UNITED NATIONS, United States — The United Nations will put forward a new plan for the pullback of forces from Yemen’s flashpoint city of Hodeida to the government and Houthi rebels, a UN envoy said Tuesday.
The redeployment of forces was agreed in December under a ceasefire deal reached in Sweden that offered the best hope in years of moving towards an end to the war that has pushed Yemen to the brink of famine.
“Following constructive discussions with both parties, there is significant progress towards an agreement to implement phase one of the redeployments of the Hodeida agreement,” said a statement from Martin Griffiths, the UN envoy for Yemen.
“Operational details will be presented to the parties in the Redeployment Coordination Committee [RCC] for endorsement shortly,” he added.
The RCC, chaired by Danish Gen. Michael Lollesgaard, was set up under the Stockholm deal to bring the government and the Houthis to the table to hammer out details of the ceasefire deal.
The UN envoy’s statement did not give a date for the start of the pullback, which would mark the first concrete step towards de-escalation in Hodeida.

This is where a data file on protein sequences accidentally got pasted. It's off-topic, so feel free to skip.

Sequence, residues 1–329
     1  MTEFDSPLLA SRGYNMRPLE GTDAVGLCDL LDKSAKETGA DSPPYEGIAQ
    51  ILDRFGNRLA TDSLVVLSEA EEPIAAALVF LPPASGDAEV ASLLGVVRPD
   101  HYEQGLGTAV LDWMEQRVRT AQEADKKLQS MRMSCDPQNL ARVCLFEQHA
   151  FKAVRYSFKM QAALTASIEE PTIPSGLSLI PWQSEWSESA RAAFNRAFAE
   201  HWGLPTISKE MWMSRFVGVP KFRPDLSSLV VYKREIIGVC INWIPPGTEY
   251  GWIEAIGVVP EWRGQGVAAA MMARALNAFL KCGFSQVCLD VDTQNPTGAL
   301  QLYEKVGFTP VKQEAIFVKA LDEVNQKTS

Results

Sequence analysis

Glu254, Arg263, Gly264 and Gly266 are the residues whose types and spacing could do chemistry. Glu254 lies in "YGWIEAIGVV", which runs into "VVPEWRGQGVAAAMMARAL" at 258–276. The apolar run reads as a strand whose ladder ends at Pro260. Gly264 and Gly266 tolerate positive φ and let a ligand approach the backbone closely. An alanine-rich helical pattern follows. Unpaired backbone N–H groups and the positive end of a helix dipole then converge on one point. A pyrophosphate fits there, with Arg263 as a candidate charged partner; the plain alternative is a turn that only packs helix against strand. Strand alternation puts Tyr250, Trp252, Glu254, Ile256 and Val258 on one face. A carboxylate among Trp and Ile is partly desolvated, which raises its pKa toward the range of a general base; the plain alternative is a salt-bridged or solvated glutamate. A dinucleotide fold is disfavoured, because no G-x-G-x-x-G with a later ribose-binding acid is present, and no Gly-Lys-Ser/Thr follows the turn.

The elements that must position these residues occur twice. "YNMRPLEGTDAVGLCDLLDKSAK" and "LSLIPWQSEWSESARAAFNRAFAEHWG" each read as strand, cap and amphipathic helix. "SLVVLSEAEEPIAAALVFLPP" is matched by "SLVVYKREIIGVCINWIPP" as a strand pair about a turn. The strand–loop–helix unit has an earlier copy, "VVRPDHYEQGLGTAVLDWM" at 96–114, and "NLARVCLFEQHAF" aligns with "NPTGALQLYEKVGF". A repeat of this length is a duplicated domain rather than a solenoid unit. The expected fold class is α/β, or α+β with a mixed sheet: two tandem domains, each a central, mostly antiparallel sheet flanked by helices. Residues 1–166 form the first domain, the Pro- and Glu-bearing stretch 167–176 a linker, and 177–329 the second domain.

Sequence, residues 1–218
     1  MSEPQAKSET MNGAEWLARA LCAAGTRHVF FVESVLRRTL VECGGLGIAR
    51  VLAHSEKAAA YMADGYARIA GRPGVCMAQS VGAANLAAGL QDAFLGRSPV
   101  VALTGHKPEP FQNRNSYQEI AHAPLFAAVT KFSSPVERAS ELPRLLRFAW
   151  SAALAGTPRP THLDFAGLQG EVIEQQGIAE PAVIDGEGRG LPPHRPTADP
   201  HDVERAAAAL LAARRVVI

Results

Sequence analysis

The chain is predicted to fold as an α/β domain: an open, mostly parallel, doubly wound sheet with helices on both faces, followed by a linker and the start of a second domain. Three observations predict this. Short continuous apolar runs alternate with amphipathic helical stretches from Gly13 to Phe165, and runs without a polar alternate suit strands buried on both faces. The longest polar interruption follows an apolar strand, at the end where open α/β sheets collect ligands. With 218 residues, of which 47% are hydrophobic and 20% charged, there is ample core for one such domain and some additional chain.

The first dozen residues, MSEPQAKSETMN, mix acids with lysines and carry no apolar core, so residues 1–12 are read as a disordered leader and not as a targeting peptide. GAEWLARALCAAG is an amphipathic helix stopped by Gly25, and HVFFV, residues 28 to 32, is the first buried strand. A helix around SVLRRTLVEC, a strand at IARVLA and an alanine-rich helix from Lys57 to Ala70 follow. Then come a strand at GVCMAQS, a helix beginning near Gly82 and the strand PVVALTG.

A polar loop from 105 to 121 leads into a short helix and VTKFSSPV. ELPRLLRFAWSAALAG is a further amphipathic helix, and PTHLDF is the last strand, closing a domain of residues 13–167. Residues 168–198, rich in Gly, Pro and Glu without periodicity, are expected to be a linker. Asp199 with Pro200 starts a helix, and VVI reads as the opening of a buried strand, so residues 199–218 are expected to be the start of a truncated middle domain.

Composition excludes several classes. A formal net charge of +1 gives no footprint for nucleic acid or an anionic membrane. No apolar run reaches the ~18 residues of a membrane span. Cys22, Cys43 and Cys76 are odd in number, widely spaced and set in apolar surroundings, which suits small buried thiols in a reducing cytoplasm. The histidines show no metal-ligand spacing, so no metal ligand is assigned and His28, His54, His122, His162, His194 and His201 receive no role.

Griffiths said he “looks forward to the swift endorsement of the plan” and expressed hope that a deal would pave the way to a broader political settlement to end the war.
The United Nations announced a deal on the two-stage pullback from Hodeida city and its ports on February 17, but the redeployment failed to materialise on the ground and the peace effort appeared to run out of steam.
One step at a time
According to UN diplomats, the Houthis have refused to pull away from the ports as part of the first stage, citing fears that forces linked to the Saudi-led coalition will move in to take over those facilities.
Griffiths and Lollesgaard have been holding talks with all sides to overcome the final hurdles, but the United Nations sounded a cautious note about the latest developments.
“I don’t want to sound over-confident about this,” said UN spokesman Farhan Haq.
“Whether we can get to actually having the withdrawals to occur, that remains to be seen. We are moving one step at a time.”
The Red Sea port of Hodeida is the entry point for the bulk of imported goods and relief aid to Yemen.
The Saudi-led coalition intervened in Yemen in March 2015 to push back an advance by Houthi rebels who continue to hold the capital Sanaa, and restore President Abed Rabbo Mansour Hadi to power.
The conflict has unleashed the world’s worst humanitarian conflict, according to the United Nations, with millions facing famine.
Since the Stockholm agreement three months ago, the UN envoy has struggled to turn details of that deal into reality on the ground, and several deadlines have been missed.
Aside from the redeployment, the Houthis and the government agreed to an exchange of thousands of prisoners from the war and to hold talks on the future of the city of Taez, which is beseiged by the Houthis.